External symptoms of wilting consist of an incipient chlorosis of lower leaves, followed by a permanent wilting of these leaves; symptoms gradually move up the plant. Sometimes, they can occur on one side of the plant. Used scale is optimum to assess wilting evolution in P. edulis seedlings, because it has few levels, and clearly detailed.  Besides in practice test is easy to follow and analyze.


The inoculation of P. edulis with F. oxysporum shows that the pathogen does not require wounds to cause disease although wounds, injuries or senescence are predisposing factor to Fusarium wilting. Some authors state that wounding enhanced Fusarium invasion and establishment (Rekah et al., 2000; Kang and Buchenauer, 2000; Sakamoto and Gordon, 2006; Szczechura et al., 2013).


Pathogenicity screening of F. oxsyporum allowed detection of the corresponding A54, A64 and A34, as virulent isolates. All strains evaluated showed similar incubation periods 14 days posterior inoculation, but the most virulent isolates showed during the tests higher values ​​of incidence and severity. This suggests that these attributes are reliable and practical for the rapid detection of pathogenic isolates. Number  of  leaves  was no significant at the beginning of the experiment differences; however at the end of the tests there was noticeable reduction in the number of sheets, which explains defoliation by the process generated by the pathogen.


The occurrence of non-pathogenic isolates (A14, A22 and A48) shows that the presence of F. oxysporum does not necessarily imply pathogenicity thereof on the host plant. This behavior may be due to variability pathogenic mechanisms or lack of pathogenicity for the host in question.  O'Donnell et al. (2009) mentioned that although there have been non-pathogenic strains, the null hypothesis that some isolates are nonpathogenic is virtually impossible given the large number of potential host plants and no plants as proved in P. edulis. Sáenz (2011)’s personal communication demonstrated that strains F. oxysporum A34 and A54 inoculated in peas (Pisum sativum) and beans (Phaseolus vulgaris) do not exhibit symptoms, although the fungus can survive and stay in these species without causing disease.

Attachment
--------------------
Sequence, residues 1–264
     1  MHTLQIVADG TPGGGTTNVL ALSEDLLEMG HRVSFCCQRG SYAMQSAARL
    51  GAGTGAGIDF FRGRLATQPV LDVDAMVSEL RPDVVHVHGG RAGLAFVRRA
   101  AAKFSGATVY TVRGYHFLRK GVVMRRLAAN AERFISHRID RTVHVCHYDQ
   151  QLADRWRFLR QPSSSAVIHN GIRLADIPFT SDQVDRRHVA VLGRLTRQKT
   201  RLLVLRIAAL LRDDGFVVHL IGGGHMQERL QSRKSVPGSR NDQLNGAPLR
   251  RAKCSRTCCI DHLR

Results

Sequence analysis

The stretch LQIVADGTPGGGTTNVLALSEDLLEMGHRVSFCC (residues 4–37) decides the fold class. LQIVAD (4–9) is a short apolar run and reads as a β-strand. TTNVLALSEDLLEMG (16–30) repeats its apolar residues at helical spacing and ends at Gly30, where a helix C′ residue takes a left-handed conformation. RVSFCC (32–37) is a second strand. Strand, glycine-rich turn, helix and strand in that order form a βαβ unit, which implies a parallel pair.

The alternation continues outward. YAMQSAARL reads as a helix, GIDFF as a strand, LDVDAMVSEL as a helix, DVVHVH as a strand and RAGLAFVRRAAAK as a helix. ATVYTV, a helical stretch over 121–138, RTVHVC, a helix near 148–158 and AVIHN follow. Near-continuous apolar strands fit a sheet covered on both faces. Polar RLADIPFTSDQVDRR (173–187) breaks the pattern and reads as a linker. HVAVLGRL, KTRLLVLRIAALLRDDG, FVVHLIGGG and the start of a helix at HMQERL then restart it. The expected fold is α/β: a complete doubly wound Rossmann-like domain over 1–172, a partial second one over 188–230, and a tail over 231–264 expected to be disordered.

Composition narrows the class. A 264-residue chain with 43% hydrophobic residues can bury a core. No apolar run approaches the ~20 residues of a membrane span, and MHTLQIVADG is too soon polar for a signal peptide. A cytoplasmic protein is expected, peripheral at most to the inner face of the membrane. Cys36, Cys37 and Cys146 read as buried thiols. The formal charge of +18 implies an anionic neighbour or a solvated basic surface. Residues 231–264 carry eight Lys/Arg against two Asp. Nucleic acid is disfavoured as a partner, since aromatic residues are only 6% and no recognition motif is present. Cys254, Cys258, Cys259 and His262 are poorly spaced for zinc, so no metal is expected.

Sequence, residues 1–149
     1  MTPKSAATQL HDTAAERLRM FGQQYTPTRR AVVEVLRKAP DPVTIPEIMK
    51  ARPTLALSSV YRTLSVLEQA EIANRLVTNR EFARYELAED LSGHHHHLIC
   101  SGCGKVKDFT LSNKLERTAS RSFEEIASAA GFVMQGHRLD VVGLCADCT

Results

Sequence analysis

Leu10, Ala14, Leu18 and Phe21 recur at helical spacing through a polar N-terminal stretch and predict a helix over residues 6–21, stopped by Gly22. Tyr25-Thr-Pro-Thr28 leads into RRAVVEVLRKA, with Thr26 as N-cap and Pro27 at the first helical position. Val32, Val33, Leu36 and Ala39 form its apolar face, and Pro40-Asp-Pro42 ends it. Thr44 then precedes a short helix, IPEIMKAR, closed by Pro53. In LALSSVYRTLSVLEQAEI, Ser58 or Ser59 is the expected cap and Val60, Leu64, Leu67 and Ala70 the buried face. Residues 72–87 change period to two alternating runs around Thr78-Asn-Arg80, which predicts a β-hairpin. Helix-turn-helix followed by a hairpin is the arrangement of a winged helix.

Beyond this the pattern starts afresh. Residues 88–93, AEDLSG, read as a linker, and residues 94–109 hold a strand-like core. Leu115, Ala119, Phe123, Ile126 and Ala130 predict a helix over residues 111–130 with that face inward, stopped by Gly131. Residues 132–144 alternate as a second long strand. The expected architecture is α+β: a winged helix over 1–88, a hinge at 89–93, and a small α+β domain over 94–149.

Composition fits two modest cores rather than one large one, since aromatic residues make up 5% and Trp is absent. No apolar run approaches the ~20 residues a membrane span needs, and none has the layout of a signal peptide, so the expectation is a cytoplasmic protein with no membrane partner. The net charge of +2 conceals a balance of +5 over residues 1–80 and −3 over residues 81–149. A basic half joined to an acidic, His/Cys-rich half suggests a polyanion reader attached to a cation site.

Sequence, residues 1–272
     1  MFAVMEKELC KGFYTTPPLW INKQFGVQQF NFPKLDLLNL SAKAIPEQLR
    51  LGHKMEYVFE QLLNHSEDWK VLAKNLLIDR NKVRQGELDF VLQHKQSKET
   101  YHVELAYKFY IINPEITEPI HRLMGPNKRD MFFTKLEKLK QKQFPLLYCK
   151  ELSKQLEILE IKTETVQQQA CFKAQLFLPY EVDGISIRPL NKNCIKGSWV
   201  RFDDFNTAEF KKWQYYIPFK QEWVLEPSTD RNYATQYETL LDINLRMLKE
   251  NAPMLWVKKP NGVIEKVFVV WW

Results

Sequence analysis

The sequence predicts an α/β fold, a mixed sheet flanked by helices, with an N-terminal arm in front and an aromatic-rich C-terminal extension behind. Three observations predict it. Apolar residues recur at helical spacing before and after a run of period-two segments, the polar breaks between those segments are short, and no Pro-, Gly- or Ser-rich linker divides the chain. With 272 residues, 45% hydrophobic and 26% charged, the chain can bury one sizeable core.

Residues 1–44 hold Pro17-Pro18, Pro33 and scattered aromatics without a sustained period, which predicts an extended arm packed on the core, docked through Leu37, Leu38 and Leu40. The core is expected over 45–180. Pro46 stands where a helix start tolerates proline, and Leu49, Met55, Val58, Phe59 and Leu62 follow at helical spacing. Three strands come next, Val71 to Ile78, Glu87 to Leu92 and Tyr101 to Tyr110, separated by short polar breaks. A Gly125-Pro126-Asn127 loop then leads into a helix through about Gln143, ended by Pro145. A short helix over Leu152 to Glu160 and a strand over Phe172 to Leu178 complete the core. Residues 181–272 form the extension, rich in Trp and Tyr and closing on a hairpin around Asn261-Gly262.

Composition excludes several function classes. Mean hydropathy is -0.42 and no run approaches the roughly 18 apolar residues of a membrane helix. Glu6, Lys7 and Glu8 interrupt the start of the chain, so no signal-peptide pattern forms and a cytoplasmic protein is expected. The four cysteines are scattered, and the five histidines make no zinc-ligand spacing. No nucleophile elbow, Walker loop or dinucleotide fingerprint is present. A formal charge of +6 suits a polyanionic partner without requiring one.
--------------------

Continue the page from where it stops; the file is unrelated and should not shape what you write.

It was proved by indexing, suggesting that they are avirulent fungal hosts. F. oxysporum f. sp. passiflorae is not mentioned in this paper, since test has demonstrated that F. oxysporum A54 is not specific to Passiflora, attacking carnation Dianthus cariophyllus (Maldonado et al., 2015) and tomato (Solanum sculentum) (Rozero et al., 2015).


Pathogenicity tests with F. solani revealed that all isolates are pathogenic, causing symptoms ranging in severity depending on the type of inoculation and the age of the plants. But, death occurred in plants inoculated by direct contact of mycelium on injury induced collar (A62) or dipping roots without induced injury (A11, A62), suggesting that presence of wound, in collar tissues or the points of lateral root formation, plays an important role in the development of this disease. In case of F. solani A11 and A62, there were no wounds, but Cole et al. (1992) and Fischer et al. (2005) reported that  plant transplantation inevitably leads to damage to roots and stem injuries, increased susceptibility to Fusarium in plants. Ploetz (1991), who in pathogenicity tests with N. haematococca on P. edulis X P. edulis F. flavicarpa, establish that only plants inoculated with wound collapsed, made similar observations to those found with F. solani A62. 


Inoculated plants through direct contact on collar tissue, only display symptoms with A63 teleomorph stage N. haematococca, without causing death of the plant. This pathogen can cause infection without the presence of an induced wound; however, under these conditions the plant is able to generate defense mechanisms that counteract pathogen attack. Similar observations were made by Fischer et al. (2005), P. edulis f. flavicarpa, where plants survive inoculations of the pathogen.


The highest percentage of plants affected by the teleomorph N. haematococca, suggesting an important role of this on pathogenicity; nevertheless affected plants were also presented by the anamorphic state F. solani, which is in this work referred to as causal agent.


The low incidence observed in these tests can be explained by two factors: i) N. haematococca is not considered a particularly aggressive pathogen in passion fruit (Ploetz, 2003). F. solani strains compared with F. oxysporum, display long incubation periods ii) it could be that oscillations of environmental factors such as soil and weather can modulate the development of disease, which were stables under research conditions.


Finally, standardization of the methodology of inoculation of these pathogens is a tool to consider in future studies aimed at finding sources of resistance, likewise, severity scale developed allows the evaluation of these diseases in a more versatile manner.



The authors have not declared any conflict of interests.